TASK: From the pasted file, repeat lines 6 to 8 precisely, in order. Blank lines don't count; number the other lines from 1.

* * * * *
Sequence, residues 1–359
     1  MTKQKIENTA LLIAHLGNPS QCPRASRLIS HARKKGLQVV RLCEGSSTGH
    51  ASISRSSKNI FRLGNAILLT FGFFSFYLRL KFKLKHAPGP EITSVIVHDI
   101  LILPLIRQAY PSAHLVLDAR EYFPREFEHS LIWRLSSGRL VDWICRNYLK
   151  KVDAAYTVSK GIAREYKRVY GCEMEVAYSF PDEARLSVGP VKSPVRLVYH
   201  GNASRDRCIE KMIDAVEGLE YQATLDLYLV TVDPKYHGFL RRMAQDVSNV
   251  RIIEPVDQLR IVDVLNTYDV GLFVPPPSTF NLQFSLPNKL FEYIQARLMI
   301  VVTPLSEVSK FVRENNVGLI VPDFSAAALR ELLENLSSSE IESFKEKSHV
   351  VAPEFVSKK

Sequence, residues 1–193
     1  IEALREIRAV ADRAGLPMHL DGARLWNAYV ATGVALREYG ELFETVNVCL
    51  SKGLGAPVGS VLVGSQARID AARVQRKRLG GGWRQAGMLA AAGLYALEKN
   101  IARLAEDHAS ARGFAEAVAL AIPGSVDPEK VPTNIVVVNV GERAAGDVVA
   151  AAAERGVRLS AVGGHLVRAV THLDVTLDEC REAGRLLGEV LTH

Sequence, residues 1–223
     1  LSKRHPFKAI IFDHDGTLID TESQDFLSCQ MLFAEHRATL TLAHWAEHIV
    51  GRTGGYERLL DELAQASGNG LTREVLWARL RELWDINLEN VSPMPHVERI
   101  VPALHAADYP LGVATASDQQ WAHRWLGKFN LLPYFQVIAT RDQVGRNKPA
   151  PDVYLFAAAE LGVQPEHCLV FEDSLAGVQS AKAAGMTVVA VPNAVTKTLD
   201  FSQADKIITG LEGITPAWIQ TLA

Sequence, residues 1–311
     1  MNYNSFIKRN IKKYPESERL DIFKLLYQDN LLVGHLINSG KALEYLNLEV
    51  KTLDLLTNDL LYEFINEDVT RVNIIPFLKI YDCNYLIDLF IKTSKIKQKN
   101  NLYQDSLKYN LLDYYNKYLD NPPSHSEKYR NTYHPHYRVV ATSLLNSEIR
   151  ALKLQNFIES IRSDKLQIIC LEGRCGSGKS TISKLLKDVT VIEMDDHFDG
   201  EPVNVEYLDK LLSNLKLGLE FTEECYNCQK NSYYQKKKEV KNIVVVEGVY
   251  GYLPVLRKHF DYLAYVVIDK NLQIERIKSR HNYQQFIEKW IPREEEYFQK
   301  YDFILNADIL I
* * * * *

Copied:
   201  GNASRDRCIE KMIDAVEGLE YQATLDLYLV TVDPKYHGFL RRMAQDVSNV
   251  RIIEPVDQLR IVDVLNTYDV GLFVPPPSTF NLQFSLPNKL FEYIQARLMI
   301  VVTPLSEVSK FVRENNVGLI VPDFSAAALR ELLENLSSSE IESFKEKSHV